When it finally came to an end, our friend tried to utter an apology, but slid from his chair and hit his nose on the table, hard, adding a sudden, but blessedly small, spray of bright red blood to the unholy mess that the table had become. He then proceeded on his way to the floor, where he lay in a tearful sobbing heap.
Bad prawns. He'd had bad prawns the night before.
The Racist Mute can be hilarious, and still be an asset to the party.
Case in point: I misread the adventure summary for a game and showed up with a character with a seething, unquenchable hate for all that Andoran stood for, only to find out that we would actually be playing .as. Andoran undercover agents in Qadira.
So instead of changing the character, I spoke to the DM and we agreed my character didn't speak Common, and had (also) completely misunderstood what the mission was about.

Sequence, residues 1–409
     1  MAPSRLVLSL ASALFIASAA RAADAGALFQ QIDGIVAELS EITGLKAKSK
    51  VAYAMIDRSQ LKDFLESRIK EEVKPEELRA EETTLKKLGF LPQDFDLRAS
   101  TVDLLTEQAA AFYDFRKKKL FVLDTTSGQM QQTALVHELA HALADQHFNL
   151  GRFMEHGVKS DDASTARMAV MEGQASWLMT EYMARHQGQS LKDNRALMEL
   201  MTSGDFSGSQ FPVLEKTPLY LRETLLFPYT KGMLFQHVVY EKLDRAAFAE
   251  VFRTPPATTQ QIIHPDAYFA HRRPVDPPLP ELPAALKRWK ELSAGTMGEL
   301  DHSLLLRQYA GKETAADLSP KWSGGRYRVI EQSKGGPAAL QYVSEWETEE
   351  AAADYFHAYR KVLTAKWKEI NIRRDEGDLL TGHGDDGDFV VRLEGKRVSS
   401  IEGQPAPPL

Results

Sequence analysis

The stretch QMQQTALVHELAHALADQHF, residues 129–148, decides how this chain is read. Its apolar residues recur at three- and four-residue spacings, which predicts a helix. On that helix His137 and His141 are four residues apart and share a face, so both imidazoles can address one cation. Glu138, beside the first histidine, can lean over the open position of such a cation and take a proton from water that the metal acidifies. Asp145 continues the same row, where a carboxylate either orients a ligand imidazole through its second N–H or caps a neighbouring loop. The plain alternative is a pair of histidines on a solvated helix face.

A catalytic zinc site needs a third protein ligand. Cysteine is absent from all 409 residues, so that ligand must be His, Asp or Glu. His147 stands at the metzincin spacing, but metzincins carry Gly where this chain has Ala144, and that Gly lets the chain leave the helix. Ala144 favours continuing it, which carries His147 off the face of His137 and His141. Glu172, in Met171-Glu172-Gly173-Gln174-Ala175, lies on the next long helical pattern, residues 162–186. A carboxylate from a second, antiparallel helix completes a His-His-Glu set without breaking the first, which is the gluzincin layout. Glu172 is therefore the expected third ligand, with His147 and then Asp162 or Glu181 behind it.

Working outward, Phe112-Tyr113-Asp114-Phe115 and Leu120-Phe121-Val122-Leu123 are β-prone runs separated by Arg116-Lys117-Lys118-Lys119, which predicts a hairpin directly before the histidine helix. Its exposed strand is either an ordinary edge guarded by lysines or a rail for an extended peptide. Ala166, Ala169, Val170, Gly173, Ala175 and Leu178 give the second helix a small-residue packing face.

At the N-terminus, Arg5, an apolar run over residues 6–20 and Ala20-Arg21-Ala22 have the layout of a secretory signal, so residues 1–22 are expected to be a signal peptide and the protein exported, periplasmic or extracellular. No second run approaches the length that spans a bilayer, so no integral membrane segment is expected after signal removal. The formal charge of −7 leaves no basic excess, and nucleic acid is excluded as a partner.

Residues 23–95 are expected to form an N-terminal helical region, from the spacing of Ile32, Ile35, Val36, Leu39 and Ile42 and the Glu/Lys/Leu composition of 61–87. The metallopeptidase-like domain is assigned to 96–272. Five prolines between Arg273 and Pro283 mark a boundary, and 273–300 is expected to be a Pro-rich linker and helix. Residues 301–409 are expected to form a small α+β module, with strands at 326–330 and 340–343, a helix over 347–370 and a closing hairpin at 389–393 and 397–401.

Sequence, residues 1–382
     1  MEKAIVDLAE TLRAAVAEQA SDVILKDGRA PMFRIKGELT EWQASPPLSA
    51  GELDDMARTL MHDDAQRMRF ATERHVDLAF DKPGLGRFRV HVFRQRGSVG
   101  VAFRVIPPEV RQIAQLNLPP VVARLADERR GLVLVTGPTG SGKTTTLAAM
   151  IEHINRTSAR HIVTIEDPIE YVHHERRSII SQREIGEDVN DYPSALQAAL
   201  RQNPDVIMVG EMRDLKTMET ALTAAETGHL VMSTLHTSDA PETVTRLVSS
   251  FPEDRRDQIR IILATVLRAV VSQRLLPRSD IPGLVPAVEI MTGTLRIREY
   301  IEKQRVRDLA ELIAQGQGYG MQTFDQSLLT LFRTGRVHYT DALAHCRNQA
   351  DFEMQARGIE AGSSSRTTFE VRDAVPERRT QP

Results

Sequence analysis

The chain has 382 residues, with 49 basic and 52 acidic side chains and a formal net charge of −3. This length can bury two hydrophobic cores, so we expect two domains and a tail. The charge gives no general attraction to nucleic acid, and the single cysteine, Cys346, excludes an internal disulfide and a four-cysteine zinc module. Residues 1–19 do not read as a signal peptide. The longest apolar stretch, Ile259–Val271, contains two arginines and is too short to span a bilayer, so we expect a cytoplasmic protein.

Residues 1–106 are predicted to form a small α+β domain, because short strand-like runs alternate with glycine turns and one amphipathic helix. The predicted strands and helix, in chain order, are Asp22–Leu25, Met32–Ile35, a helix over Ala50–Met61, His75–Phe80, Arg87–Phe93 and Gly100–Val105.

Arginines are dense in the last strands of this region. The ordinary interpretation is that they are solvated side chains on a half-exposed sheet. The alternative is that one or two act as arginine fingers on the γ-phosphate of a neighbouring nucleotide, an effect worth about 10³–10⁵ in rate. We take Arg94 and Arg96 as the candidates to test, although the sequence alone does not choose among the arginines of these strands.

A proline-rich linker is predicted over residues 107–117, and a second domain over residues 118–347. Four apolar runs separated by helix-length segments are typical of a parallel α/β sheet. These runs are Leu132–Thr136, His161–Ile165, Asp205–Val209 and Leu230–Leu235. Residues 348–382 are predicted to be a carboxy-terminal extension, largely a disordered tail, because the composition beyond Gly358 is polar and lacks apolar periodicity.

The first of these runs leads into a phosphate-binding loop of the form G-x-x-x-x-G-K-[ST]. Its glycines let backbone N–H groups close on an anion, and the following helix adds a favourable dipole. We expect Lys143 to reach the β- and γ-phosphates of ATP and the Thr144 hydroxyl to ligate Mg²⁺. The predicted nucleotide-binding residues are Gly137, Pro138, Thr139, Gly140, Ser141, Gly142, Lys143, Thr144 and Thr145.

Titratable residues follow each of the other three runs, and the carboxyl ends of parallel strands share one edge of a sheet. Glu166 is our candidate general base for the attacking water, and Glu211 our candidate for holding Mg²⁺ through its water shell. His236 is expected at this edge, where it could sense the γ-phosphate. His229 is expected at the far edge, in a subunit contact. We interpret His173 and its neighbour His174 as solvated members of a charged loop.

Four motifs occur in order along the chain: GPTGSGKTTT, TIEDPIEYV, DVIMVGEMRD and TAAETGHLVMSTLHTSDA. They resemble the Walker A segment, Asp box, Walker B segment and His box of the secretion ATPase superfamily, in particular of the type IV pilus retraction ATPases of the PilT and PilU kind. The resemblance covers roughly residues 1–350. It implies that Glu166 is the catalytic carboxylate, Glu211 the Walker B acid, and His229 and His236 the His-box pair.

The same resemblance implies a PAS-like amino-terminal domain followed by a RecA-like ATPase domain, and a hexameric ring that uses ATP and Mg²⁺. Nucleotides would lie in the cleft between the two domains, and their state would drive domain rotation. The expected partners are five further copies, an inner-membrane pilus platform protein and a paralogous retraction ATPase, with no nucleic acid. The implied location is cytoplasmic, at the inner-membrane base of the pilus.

Since the rest of the party was playing as deep-cover spies and saboteaurs, my character took them at face value and hacked and slashed what he considered impious Andoran sons-of-pigs, and communicated with the rest of the party in hilariously misunderstood hand signs and gobbledygook.
There is no wrong concept. There are poor executions.
I didn't get the confirmation email, but that wasn't that important anyway. Still, I checked my order and saw this, which is sort of confusing:
Subtotal (6 items) $24.48
Which means something weird is going on somewhere. Could you please clarify it? Thanks again!
Dear Paizo people,